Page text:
5. Finally, this excerpt from William Beckford's 1788 "Remarks" offers us a sense of how those whose interests were in preserving the trade in enslaved peoples sought to represent their practices. Note that Beckford's book is one of the two texts assigned for your first short assignment. 

Primary Sources

Our documents this week are not long, but require some slow reading and careful thinking. Often the documents we offer you illustrate quite different dimensions of a topic, but this week's link together quite closely. Dig into each document, but look for connections too. What can these documents tell us about the practices of slavery? What can these documents tell us about individual enslaved people?What can these documents tell us about the lives of enslaved women?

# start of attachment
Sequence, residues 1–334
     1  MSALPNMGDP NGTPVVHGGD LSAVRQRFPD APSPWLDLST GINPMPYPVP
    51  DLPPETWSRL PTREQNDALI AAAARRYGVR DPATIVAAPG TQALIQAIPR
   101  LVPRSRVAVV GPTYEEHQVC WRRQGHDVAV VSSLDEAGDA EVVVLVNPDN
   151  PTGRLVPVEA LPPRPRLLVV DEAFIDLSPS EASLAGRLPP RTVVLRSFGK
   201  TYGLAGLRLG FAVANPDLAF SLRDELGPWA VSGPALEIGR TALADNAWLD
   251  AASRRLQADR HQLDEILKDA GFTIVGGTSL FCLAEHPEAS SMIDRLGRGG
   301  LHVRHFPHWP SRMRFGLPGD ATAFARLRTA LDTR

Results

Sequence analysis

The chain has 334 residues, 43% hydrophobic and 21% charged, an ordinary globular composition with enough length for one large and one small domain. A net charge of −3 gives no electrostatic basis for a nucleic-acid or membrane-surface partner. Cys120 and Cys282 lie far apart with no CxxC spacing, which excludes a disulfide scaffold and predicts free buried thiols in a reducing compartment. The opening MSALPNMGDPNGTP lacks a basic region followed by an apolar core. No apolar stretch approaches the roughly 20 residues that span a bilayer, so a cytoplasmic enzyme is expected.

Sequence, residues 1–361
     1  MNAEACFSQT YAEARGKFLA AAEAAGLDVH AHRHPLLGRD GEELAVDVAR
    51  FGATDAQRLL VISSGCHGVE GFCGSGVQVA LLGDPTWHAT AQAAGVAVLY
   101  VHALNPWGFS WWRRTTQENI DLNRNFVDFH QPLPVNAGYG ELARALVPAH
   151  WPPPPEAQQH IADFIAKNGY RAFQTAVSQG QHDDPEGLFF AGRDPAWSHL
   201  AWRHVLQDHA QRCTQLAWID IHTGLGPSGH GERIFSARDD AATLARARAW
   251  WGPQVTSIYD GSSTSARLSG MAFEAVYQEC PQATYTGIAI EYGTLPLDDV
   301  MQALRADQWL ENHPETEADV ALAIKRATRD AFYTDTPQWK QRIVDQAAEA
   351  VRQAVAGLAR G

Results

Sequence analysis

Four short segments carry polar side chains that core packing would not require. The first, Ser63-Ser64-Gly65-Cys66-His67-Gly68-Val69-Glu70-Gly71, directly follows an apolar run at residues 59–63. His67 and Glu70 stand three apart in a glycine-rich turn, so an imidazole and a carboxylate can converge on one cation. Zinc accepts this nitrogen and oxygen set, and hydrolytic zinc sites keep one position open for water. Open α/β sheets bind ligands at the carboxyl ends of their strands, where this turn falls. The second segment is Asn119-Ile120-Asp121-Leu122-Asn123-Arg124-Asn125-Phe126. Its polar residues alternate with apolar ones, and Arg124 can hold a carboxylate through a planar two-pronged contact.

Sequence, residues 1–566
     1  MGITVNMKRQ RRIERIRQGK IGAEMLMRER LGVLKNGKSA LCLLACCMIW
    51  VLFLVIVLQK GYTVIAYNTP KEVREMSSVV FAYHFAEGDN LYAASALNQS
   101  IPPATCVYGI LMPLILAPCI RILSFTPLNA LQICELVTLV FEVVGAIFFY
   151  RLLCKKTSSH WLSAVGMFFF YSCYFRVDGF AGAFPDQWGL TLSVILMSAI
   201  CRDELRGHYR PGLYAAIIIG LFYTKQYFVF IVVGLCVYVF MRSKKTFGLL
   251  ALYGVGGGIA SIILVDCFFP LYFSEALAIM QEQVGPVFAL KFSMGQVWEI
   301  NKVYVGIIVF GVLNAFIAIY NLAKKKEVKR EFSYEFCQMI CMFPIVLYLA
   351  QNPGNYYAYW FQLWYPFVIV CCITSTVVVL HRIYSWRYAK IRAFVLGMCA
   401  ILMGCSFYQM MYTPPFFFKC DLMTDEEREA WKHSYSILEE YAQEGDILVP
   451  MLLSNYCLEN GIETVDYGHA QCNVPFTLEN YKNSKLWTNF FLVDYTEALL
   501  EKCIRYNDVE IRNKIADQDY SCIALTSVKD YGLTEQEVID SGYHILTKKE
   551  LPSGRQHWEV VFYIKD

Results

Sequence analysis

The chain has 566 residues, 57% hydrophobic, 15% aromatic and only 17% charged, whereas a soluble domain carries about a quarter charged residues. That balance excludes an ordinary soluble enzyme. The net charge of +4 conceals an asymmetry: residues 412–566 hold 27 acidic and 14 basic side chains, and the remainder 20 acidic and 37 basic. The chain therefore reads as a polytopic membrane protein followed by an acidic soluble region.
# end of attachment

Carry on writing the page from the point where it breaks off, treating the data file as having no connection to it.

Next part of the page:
Secondary sources

Jane Longmore, "Portrait of a Slave-Trading Family: The Staniforth of Liverpool", in Kate Donington, Ryan Hanley, and Jessica Moody, eds., Britain's History and Memory of Transatlantic Slavery: Local Nuances of a "National Sin" (Cambridge, Cambridge University Press, 2016), 

or

Podcast: Marisa Fuentes, “Colonial Port Cities and Slavery”, Ben Franklin's World Podcast, Episode 173. 

Supplementary Readings

Katharine Gerbner, “Christian Slavery”, Ben Franklin's World Podcast, Episode 206.